Where does this leave Vito Russo’s serious and ambitious The Celluloid Closet — which incidentally bears the same subtitle as Tyler’s book? Not so much in the lurch as the above list may imply. As the best researched and illustrated book on the subject — entertainingly and intelligently written in epigramatic journalese, and clearly backed up by years of patient fact-finding and interviewing — it deserves to be considered a significant reference point and a source of reference in the years to come.… Read more »
A “critic’s choice” from the Chicago Reader (November 8, 1996). — J.R.
This 1995 film is the only feature by Hal Hartley that has the same degree of formal playfulness as his overlooked short films — perhaps because it was made as if it were three separate shorts, all recounting the same story but set in different cities (New York, Berlin, and Tokyo) and told mainly in different languages, with certain differences regarding gender, race, ethnicity, and milieu. Though it lacks some of the behavioral charms of Hartley’s Trust and The Unbelievable Truth and even announces its own likelihood to fail as an experiment in the second episode, this is in some ways my favorite Hartley picture — not only because it takes the most risks, but also because it gives the mind more to do in the process. The actors include Martin Donovan and Parker Posey in New York, Dwight Ewell, Geno Lechner, and Elina Lowensohn in Berlin, and Miho Nikaidoh, Kumiko Ishizuka, and Hartley himself in Tokyo. The whole thing unfolds in an economical 85 minutes. Music Box, Friday through Thursday, November 8 through 14.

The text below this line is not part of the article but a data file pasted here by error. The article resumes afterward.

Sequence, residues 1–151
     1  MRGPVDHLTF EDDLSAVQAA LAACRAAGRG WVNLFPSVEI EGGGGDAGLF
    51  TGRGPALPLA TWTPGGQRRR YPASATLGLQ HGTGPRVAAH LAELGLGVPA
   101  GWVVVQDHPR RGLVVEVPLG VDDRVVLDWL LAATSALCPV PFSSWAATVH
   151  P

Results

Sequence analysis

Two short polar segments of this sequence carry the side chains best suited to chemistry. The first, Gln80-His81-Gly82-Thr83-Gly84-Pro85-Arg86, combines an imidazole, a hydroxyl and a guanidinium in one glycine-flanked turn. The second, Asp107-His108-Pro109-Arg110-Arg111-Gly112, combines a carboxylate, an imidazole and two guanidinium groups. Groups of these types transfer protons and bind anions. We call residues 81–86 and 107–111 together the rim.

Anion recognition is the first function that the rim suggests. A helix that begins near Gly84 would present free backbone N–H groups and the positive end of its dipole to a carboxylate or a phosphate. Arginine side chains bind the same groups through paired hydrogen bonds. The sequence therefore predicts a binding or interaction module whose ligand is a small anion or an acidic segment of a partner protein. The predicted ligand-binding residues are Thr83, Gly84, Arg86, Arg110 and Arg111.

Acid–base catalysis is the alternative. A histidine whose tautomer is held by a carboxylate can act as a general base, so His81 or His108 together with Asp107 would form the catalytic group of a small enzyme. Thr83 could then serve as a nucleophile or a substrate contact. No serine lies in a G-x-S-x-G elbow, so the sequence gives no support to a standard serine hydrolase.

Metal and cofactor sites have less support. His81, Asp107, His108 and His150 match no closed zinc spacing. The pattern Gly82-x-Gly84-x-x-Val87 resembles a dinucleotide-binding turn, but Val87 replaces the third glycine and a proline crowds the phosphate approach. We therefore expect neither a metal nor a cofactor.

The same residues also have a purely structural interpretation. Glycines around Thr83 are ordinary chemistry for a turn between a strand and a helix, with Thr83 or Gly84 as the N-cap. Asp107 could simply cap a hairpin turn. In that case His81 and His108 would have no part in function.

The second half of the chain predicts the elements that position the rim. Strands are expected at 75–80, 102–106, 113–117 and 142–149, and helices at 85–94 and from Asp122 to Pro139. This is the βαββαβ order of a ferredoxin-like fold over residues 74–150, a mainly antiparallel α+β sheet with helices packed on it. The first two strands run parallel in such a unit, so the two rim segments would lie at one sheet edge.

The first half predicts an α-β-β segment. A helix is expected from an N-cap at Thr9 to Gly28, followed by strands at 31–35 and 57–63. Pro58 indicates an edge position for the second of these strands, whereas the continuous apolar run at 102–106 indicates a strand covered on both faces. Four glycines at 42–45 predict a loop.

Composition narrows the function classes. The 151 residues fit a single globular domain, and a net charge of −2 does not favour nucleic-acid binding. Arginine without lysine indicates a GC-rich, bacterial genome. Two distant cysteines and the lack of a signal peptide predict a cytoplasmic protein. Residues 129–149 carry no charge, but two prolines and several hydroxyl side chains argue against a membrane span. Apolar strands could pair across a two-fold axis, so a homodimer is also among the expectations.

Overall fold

From the Chicago Reader (October 23, 1987). — J.R.
Genre specialist John Carpenter returns to the principle of confined space that he used as a disciplinary structure in Assault on Precinct 13 and The Thing in this horror thriller set in an abandoned church. The main difference here from earlier Carpenter films is the heavy metaphysical baggage: a team of graduate students and teachers (including Lisa Blount, Victor Wong, and Jameson Parker) in physics and science is summoned by a Catholic priest (Donald Pleasence) to study an ancient religious manuscript that proves to contain differential equations (long before such equations were developed), and a canister containing a green liquid that proves to be seven million years old. Mathematics combines with demonology to produce a variant on Night of the Living Dead, and while the church is playfully called Saint Godard’s, the pivotal use and significance of mirrors spawned by the canister liquid might make Saint Cocteau’s a more appropriate appellation. While the dense significations of the script (credited to one “Martin Quatermass”) may get a bit thick in spots, Carpenter’s handsome ‘Scope images generally make the most of them, and some haunting poetic notions — such as video images from the future that appear as recurring dreams dreamt by the church’s inhabitants — figure effectively in the plot.… Read more »